The main body was painted metallic (Army Painter metal primer - I don't have time anymore and why risk losing details with more coats of paint?), then a layer of heavily watered down black with clear washing up liquid was painted over to get a very black metallic look. I wasn't really happy with how this turned out, I think just mixing black and boltgun would work better (in fact that's what I used for cleaning up after I made some mistakes later and it blended in quite well). The brass turned out a little dark but I figured that fit. I deliberately made the parchment very dark to differentiate it from the skull, which I wanted to stand out and be a focal point for the model. To that end I brushed it with plenty of skull white to get a really pale bone, which contrasts well with the black armor. I painted the eyes as black lenses so they would give the impression of an actual hollow skull, rather than the glowing red I believe the model on the GW site uses.

Unfortunately the model itself showed some problems, I suspect the GW mold is old at this point and has lost some detail. I had to do some cleanup work, especially on the left shoulder, including adding a stud (I forget where I read about this, but someone once suggested using the things in water filter cartridges, which worked quite well - there's a range of sizes so you can find one that fits it well with the ones around it) and trying to file some detail back in to the skull and crossbones. Shame, but I don't think it's too noticeable.

I'm happy with the model overall: black armor, white skull helm, big gun and a heavy blunt weapon - not someone you'd want to run in to in an alleyway late at night. The black is less metallic than I had hoped, the mace lacks depth, and the edge highlighting is a little cruder than I would like. On the other hand I'm proud of the gun and the gems look pretty good (might have to give them another layer of 'ardcoat though), the paper doesn't look too bad and the skull really pops out. So yeah, he'll do.

And yes, I know everyone is into Grey Knights right now. No, I don't like their new codex very much, but I still have the old metal models I bought a year and a half ago sitting around, and I still think they look great, so I'll probably be starting on some of them before too long. Might try to finish my scouts or crimson fists first though, we'll see.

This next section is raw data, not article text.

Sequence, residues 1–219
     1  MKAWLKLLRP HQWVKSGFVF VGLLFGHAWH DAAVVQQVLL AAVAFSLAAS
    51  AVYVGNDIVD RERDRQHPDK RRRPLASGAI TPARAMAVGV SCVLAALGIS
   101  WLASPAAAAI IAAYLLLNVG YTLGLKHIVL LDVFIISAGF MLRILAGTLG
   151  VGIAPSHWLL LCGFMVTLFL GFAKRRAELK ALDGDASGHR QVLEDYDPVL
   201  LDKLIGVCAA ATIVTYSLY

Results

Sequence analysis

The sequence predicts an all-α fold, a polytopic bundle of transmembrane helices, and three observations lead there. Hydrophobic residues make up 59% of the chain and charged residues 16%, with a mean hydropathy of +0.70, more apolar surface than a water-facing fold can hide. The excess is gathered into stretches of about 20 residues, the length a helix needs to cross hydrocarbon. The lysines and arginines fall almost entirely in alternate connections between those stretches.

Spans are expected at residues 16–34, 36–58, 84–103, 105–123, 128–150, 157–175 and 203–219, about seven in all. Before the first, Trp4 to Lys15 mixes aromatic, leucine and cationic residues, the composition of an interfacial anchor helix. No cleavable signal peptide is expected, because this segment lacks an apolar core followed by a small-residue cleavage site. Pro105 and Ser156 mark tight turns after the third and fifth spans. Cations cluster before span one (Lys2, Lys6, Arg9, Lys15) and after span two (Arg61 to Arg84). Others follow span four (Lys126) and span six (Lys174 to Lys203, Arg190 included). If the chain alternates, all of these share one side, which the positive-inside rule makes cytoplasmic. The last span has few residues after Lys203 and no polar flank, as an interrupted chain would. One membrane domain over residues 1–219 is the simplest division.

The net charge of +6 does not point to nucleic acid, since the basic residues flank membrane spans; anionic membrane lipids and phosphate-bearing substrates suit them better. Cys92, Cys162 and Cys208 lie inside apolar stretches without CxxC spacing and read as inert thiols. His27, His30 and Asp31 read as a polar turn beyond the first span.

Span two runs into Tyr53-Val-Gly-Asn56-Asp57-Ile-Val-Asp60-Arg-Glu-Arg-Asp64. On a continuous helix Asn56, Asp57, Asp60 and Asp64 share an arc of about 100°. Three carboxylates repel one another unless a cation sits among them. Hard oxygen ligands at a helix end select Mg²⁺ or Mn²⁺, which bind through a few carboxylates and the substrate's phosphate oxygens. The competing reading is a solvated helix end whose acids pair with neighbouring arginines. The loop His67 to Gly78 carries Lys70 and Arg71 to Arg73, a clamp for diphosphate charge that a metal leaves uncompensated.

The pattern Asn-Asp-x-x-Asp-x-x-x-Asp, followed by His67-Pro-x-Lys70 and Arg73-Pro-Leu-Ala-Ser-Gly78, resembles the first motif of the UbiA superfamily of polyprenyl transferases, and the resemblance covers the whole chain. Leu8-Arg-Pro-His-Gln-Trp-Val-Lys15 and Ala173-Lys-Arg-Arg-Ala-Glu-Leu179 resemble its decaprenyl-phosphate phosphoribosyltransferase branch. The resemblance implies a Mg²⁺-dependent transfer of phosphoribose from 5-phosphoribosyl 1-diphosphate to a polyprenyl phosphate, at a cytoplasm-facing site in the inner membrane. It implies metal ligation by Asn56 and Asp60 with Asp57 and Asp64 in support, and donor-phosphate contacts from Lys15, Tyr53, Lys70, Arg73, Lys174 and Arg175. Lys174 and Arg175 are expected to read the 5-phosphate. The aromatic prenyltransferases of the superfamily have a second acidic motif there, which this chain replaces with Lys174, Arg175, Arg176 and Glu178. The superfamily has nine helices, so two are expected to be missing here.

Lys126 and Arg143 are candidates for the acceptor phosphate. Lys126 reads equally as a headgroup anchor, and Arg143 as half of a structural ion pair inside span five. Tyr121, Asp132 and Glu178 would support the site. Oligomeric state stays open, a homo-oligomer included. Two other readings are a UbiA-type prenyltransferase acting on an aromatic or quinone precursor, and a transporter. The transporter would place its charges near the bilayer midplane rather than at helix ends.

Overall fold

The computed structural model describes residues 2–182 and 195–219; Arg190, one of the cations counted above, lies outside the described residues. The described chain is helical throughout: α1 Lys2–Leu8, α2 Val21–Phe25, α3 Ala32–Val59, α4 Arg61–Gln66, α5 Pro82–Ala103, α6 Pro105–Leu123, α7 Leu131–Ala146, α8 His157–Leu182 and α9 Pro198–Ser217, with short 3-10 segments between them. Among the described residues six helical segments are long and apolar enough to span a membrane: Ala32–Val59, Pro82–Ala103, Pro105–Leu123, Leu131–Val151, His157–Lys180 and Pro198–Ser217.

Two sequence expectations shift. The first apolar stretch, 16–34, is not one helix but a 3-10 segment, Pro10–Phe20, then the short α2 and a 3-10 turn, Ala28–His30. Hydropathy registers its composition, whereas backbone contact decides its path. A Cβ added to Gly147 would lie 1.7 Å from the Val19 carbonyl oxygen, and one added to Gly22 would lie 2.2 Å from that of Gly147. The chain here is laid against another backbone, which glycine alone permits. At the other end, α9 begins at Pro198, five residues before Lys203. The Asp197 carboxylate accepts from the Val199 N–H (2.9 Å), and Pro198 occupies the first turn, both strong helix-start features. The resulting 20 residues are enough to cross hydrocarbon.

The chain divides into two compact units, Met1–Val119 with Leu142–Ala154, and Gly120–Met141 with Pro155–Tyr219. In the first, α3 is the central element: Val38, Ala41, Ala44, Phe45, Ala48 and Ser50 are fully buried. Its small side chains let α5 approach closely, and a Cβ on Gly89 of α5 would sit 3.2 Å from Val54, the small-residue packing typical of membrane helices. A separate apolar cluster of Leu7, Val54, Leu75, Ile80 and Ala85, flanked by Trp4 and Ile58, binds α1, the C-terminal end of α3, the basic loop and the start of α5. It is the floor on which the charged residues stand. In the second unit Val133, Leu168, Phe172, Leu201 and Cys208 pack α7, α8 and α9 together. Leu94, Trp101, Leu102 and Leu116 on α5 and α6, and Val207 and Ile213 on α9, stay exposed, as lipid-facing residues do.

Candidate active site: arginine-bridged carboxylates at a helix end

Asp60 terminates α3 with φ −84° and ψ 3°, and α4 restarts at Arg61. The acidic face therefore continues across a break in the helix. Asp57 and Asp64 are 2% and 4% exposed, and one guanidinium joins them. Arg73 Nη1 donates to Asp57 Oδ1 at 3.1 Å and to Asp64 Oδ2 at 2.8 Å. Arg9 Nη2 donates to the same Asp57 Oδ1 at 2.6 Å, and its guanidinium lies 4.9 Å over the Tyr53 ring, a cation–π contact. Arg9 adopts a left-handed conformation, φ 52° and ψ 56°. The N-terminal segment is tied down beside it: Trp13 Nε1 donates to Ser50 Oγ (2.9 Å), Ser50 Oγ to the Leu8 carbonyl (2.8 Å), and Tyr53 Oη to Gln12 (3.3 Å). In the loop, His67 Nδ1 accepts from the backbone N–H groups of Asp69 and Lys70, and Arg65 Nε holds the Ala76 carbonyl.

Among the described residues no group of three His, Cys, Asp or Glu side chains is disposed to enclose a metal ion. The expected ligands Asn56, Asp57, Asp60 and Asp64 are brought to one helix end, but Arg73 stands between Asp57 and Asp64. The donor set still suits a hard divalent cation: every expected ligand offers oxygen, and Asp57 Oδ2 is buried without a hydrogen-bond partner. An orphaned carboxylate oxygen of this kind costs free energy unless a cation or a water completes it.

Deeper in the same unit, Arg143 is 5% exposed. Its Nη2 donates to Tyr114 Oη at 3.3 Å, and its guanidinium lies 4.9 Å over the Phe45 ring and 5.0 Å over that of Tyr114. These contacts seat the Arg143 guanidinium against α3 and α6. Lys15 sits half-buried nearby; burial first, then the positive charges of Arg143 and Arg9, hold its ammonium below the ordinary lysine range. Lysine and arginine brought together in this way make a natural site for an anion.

Thursday, May 19, 2011

Scout model

I haven't written for a long time; I've been too busy and didn't have anything to write about. However, I recently finished a scout sniper; the first model in my own chapter: the Sentinels Eternal. The colour scheme I'm planning is blue and black, with scouts having a darker palette than the normal battle brothers. This scout is a test model but is very close to how the final models will hopefully look.

Crappy photos due to several camera trouble. Nothing special going on here, paint-wise. The metal detail is Tin Bitz drybrushed with Dwarf Bronze, which created a dark copper look that I'm very happy with. The cloak is just a green base with two green sets of spots and another in Bleached Bone, drybrushed with camo green then washed several times with Devlan Mud and Badab Black. I wanted an olive-green color, but the washes overpowered the spots. I'm still looking for a better way to do it that doesn't require layering or blending (I don't have the time or energy). The skin ended up looked too pale due to a bleached bone drybrush, which looks especially bad due to very dark shading (it's actually not as bad as it looks in these photos, which came out too bright - the blue is actually also a lot darker than the photos make it out). I also threw some grass on the base just because the built-in rock under his foot looks silly without it. I may or may not use grass for the final models.